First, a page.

DNA in blue background


DNA in blue background

NAD+ is a vital molecule in every cell, playing a significant role in energy metabolism, DNA repair, and gene expression. As we age, NAD+ levels decline, leading to age-related diseases. Boosting NAD+ levels can improve cognitive function, energy levels, and overall health. Adequate NAD+ levels help maintain optimal cellular function, reduce disease risk, and promote healthy aging.

What is NAD?

Everything happening in any life form, like breathing, moving and even thinking is based on biochemical reactions. Every biochemical reaction requires energy. Our bodies take this energy from food and mitochondria convert it into the currency that every cell can use. A protagonist in energy production is a molecule called NAD (Nicotinamide Adenine Dinucleotide). NAD is found in two forms: NAD+ (oxidized form) and NADH (reduced form). NAD+ is a co-enzyme, a molecule that helps other proteins and enzymes do their job.

What does NAD+ do?

One of NAD+ jobs is producing energy in mitochondria and reducing oxidative stress. That’s not all that it does, NAD participates in more than 50% of all biochemical reactions in our bodies. One of these processes is DNA repair, or keeping the DNA intact. With time, DNA accumulates errors, or mutations, that if left uncorrected cause diseases like cancer. NAD+ collaborates with PARP, an enzyme responsible for correcting these errors and keeping the DNA healthy.

Another group of enzymes that NAD+ activates are the sirtuins. It would be fair to call sirtuins the “proteins of longevity”, as they are well-known for promoting healthy aging and longevity. Sirtuins are instrumental for the proper function of the cells including oxidative balance and DNA repair. As a result, their high activity is necessary for good cardiovascular, cognitive, metabolic and immune function.

NAD is an important molecule for many functions at the cell and organism level. Among others, it participates in the energy production in the mitochondria, DNA repair (in collaboration with PARP), immune function (in collaboration with CD38) and overall health and longevity (in collaboration with the sirtuins).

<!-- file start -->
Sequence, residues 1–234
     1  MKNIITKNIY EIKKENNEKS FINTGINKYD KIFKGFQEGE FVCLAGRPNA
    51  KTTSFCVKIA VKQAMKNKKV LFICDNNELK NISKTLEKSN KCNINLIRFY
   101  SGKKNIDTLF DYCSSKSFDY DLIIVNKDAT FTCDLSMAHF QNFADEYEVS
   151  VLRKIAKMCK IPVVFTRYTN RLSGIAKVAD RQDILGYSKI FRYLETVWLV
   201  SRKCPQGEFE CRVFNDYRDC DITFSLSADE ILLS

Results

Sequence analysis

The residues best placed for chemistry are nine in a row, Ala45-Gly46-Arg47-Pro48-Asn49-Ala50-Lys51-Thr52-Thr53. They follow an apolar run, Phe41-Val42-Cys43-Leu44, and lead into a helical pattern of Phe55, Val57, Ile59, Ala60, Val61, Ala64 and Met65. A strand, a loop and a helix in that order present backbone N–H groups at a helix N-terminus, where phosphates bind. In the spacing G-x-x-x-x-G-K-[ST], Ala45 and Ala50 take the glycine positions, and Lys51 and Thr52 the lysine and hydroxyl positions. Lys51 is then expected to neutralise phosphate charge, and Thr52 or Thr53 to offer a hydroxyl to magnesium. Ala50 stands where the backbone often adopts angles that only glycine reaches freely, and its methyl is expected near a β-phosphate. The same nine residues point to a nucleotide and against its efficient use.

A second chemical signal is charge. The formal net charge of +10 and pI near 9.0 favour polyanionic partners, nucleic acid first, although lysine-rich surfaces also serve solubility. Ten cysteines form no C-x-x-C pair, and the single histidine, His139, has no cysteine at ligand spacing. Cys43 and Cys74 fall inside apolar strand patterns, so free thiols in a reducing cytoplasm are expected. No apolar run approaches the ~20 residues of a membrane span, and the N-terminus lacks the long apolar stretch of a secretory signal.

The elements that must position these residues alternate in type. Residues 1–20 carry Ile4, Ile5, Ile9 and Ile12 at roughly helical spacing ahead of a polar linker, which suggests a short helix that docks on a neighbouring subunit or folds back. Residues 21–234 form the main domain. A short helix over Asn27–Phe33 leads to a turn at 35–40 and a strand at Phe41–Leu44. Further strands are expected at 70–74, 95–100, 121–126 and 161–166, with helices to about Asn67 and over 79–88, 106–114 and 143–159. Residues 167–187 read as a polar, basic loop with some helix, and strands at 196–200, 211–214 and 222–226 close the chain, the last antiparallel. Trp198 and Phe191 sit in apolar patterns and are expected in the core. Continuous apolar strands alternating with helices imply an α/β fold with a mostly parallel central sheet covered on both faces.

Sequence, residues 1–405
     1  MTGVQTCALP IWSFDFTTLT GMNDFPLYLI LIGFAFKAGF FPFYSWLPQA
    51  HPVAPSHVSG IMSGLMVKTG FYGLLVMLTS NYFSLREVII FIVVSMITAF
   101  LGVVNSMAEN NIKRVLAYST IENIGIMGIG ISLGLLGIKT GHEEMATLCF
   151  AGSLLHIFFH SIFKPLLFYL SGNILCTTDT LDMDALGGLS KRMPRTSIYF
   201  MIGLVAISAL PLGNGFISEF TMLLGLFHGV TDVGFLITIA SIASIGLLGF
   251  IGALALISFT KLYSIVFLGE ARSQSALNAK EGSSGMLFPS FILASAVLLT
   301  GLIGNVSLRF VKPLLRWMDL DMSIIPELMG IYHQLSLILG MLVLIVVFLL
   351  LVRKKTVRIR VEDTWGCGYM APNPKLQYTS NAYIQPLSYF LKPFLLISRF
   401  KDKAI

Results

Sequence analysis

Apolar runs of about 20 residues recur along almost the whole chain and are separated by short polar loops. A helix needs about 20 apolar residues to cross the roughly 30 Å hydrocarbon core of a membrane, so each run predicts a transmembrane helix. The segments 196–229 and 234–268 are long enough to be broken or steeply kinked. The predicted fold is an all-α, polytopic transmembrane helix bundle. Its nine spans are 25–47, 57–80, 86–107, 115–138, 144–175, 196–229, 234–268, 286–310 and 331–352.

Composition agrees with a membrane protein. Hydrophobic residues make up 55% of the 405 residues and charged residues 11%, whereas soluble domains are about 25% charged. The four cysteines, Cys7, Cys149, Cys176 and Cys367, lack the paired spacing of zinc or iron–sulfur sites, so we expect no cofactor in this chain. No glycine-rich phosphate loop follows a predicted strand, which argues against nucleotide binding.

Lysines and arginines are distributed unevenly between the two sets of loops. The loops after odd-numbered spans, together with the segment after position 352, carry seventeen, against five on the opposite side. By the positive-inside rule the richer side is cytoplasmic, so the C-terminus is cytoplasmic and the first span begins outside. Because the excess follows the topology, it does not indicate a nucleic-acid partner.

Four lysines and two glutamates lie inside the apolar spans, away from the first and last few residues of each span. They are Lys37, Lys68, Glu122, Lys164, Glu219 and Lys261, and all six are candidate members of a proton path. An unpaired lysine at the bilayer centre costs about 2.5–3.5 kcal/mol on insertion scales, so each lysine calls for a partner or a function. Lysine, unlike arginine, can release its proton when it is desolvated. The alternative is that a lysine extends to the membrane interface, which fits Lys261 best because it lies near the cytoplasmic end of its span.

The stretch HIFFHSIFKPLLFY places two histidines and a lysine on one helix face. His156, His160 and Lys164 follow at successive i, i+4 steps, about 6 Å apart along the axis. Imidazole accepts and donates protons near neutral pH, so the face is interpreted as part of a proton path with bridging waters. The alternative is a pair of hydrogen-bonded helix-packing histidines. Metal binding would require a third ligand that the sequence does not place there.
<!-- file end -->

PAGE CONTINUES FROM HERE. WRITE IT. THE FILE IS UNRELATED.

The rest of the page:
NAD is an important molecule for many functions at the cell and organism level. Among others, it participates in the energy production in the mitochondria, DNA repair (in collaboration with PARP), immune function (in collaboration with CD38) and overall health and longevity (in collaboration with the sirtuins).

What happens when NAD+ levels decrease?

NAD is crucial for many core pathways in the cell. The enzymes we mentioned earlier compete for the available NAD+. If somehow all NAD+ in our bodies ran out, we would not survive for more than a few seconds.  The problem is that NAD+ levels drop with age. This is because the demand for it increases and its biosynthesis decreases. This reduction in NAD+ levels leads to a drop in mitochondrial function, sirtuins activity and DNA repair. This leads to an increase in oxidative stress and systemic malfunction, also known as aging. Consequently, low NAD+ activity is related to a higher risk of heart disease, Type 2 diabetes, Alzheimer’s disease and accelerated aging.

NAD+ levels drop with age

NAD+ levels decrease with age as measured on human skin samples. Image Source.

The drop of NAD leads to decrease in mitochondrial function, sirtuin activity and DNA repair, ultimately leading to aging and disease.

The drop of NAD leads to decrease in mitochondrial function, sirtuin activity and DNA repair, ultimately leading to aging and disease. Aging and disease further reduce the levels of NAD creating a vicious cycle.

What causes NAD+ decrease?

A major cause of NAD+ decrease is aging and increased demand for NAD+, which causes its levels to decrease in many tissues, including the liver, skeletal muscles, and brain. As a result of decrease, mitochondrial dysfunction, oxidative stress, and inflammation are thought to contribute to age-related health problems, as described in the image above – it creates vicious cycle. Let’s explore what else leads to decrease in NAD+ levels:

  • Increase in CD38 activity

As described previously CD38 plays a critical role in immune function. Nevertheless, CD38-mediated NAD+ consumption can influence its cellular levels, which affects immunity and overall health.

  • UV Radiation
Everyone enjoys spending time outside on a nice sunny day, and tend to forget to be cautious of UV radiation – it can have harmful effects on our skin and overall health, including the reduction of NAD+ levels. PARP enzymes are activated because of UV
radiation exposure, and they use NAD+ to repair damaged DNA. NAD+ is consumed during this process, and this consumption then leads to the decrease of its levels in cells.  
  • Environmental Toxins

Various studies confirms that exposure to environmental toxins such as pesticides and heavy metals can have negative effect on NAD+ levels in the body through increased oxidative stress, inflammation, and DNA damage.

  • Metabolic Stress

The metabolic stress caused by obesity, diabetes, and cardiovascular disease may reduce NAD+ levels through a variety of mechanisms, including inflammation and oxidative stress.